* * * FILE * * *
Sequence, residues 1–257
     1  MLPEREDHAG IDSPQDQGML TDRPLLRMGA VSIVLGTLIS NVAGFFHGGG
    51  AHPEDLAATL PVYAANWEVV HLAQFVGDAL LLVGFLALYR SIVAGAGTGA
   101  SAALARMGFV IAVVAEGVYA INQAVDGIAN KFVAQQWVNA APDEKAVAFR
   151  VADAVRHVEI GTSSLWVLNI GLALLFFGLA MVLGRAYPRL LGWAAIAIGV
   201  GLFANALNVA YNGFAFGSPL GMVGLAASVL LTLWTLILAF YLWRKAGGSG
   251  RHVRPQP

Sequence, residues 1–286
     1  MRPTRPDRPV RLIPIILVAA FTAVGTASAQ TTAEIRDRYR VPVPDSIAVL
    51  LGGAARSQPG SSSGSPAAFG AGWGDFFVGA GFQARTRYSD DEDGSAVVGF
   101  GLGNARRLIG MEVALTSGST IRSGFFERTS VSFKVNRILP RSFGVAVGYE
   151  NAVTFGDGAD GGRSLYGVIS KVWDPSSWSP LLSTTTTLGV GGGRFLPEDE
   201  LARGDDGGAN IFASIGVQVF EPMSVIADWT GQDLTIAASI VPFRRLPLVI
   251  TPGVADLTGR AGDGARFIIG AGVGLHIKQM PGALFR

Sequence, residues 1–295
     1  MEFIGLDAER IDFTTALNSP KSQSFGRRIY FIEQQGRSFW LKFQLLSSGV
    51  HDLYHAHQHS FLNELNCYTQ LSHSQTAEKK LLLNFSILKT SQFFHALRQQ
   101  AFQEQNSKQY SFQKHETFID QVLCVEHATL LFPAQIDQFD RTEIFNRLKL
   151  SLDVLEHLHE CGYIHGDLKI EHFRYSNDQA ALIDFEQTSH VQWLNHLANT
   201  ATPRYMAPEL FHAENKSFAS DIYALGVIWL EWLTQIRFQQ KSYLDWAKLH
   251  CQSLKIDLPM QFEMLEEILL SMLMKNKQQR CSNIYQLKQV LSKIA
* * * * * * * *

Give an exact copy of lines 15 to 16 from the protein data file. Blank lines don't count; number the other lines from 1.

Sequence, residues 1–295
     1  MEFIGLDAER IDFTTALNSP KSQSFGRRIY FIEQQGRSFW LKFQLLSSGV